Hill’s assumptions about the cohesiveness of European militaries also leave questions unanswered. Given the optimism of the proponents of European integration, it is tempting to assume a coordinated European military. But Europe has no army; the EU has 27 individual militaries, under national commands. Regardless of the pace of European integration, sovereignty regarding military force will likely be the last to be relinquished by any European nation. The massive European defense budget that Hill refers to is actually twenty-seven small ones (by U.S. standards), and there is not a European chain of command, wielding the might of two million European soldiers from Brussels (moreover, it is fantasy to think that the French, for instance, would allow their army to be ordered to war by anyone other than the French president).
The wars in Bosnia and Kosovo illustrated both the enduring importance of hard power and Europe’s difficulties in making decisions as a group. While progress has been made in the decade and a half since – an increased democratization of EU decision-making at Lisbon, and the creation of the High Representative for Foreign Affairs and Security Policy – the fact remains that the Union has no real, institutional authority over the armed forces of its constituents. Questions about Europe’s capacity to respond are still open.
Ultimately, Hill makes many valid claims. It may very well be advantageous for the United States to learn from its allies and adapt their methods in some areas.
The barriers, however, come on the level of tradition: Many of the proposals outlined in Hill’s text go against the fabric of American thinking. A majority of Americans still don’t believe in comprehensive social action. America is a martial society; its citizens believe that their military dominance ensures their safety and the safety of others. Comprehensive welfare programs run contrary to core tenants of American political thought; to downgrade U.S. military dominance for the sake of big government is likely to remain unacceptable to most Americans for some time to come.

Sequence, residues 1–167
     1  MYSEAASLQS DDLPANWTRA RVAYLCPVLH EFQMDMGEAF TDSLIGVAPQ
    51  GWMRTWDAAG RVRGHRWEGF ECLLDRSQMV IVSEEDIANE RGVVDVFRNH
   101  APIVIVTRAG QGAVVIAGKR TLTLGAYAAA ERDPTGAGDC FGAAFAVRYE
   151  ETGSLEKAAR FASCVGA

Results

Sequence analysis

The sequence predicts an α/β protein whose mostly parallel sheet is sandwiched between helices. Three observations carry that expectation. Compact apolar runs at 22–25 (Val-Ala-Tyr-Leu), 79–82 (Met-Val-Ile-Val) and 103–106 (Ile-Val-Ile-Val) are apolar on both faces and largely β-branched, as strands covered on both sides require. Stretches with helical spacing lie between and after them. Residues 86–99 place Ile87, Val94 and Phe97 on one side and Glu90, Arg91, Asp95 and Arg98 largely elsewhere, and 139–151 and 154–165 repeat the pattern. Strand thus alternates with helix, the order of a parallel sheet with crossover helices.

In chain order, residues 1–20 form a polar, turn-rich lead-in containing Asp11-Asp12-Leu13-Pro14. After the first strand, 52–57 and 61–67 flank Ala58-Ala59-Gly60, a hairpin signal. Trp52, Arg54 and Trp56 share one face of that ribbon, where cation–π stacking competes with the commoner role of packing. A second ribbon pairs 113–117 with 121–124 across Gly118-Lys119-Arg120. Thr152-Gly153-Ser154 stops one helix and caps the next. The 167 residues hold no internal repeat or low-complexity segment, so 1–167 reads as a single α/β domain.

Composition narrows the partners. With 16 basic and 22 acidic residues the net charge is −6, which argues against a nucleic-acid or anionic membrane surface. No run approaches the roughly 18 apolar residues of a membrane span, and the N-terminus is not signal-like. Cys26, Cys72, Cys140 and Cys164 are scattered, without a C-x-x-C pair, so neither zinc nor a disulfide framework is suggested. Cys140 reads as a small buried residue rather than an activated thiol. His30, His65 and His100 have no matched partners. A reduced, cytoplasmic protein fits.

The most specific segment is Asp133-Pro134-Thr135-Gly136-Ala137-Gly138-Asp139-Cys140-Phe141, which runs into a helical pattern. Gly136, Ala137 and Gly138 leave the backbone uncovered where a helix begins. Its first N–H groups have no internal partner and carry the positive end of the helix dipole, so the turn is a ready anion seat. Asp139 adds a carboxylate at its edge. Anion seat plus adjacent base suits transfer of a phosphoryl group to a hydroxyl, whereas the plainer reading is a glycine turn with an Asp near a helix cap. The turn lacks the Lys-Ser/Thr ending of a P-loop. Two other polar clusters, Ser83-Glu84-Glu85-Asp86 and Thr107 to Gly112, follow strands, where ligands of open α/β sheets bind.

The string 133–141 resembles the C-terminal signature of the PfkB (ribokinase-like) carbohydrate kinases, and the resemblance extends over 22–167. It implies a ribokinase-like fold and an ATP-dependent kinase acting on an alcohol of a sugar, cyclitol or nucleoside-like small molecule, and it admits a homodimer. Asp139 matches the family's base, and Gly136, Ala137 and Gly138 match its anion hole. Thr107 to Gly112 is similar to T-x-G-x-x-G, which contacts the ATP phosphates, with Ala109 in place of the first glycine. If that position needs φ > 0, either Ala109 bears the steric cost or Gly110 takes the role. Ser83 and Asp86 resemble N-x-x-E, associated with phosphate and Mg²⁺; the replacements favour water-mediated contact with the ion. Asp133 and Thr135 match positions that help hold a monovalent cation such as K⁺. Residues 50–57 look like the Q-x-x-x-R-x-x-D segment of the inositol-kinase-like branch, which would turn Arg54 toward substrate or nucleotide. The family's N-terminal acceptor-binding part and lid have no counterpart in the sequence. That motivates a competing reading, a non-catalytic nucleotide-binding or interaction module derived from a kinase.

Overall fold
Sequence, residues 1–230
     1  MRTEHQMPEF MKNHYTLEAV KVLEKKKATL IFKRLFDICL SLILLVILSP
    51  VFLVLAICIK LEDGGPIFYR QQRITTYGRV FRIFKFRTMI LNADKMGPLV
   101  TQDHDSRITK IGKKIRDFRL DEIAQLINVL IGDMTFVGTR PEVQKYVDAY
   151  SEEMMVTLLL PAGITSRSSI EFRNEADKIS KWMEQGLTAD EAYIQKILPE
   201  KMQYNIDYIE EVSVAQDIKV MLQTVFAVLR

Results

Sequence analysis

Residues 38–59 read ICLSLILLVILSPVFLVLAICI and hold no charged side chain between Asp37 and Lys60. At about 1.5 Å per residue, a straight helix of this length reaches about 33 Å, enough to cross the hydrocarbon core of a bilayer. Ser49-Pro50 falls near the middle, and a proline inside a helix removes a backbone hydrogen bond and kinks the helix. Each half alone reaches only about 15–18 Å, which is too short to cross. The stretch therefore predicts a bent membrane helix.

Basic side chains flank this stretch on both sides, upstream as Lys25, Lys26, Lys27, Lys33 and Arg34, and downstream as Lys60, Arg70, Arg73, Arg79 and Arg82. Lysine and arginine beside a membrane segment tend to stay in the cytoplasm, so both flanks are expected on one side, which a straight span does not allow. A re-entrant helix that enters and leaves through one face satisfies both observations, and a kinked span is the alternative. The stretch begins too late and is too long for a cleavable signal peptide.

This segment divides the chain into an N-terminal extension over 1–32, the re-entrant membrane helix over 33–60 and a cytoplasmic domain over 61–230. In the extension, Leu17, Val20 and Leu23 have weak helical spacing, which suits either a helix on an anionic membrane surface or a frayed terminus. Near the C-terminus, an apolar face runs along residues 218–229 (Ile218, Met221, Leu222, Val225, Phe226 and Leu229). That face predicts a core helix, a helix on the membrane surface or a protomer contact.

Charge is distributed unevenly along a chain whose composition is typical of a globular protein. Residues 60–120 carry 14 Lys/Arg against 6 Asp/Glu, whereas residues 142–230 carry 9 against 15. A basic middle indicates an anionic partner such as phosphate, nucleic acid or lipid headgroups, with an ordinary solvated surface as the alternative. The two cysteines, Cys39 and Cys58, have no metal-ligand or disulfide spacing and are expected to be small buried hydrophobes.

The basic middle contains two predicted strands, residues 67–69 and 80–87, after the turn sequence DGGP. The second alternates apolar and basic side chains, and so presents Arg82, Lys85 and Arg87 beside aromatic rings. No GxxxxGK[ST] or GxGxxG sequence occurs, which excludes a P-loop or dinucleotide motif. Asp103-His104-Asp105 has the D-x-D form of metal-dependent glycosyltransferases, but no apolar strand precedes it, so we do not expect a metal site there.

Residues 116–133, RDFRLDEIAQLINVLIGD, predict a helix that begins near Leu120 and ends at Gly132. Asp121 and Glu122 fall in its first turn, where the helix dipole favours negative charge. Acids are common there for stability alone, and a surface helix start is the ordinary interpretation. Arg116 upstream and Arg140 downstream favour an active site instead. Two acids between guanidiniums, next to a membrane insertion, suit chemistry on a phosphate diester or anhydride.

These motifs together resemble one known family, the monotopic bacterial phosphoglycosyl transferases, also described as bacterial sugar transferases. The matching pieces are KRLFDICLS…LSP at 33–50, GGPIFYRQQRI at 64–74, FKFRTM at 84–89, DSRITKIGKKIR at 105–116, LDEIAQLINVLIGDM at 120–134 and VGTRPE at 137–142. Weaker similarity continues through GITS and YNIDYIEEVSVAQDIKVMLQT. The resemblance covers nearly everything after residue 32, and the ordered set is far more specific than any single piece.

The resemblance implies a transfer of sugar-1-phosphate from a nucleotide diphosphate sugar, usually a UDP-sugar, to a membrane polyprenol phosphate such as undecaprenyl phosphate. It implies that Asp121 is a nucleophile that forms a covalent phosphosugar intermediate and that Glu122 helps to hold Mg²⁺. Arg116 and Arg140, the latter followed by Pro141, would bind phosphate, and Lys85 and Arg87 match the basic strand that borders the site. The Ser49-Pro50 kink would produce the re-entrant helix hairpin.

But there are vital lessons in Europe’s Promise from which America could benefit. The book will help many Americans understand the institutional diversity that exists across the Atlantic. The argument that surrounds his recommendations should be one of degree, not of essence. America may not be able to copy the European model completely because of systemic, cultural or practical barriers. But in Europe’s Promise, Hill is able to explain how and why Europe works and therefore, may galvanize Americans to look in the mirror and make some changes.
Europe’s Promise: Why the European Way is the Best Hope in an Insecure Age
by Steven Hill
University of California Press, 2010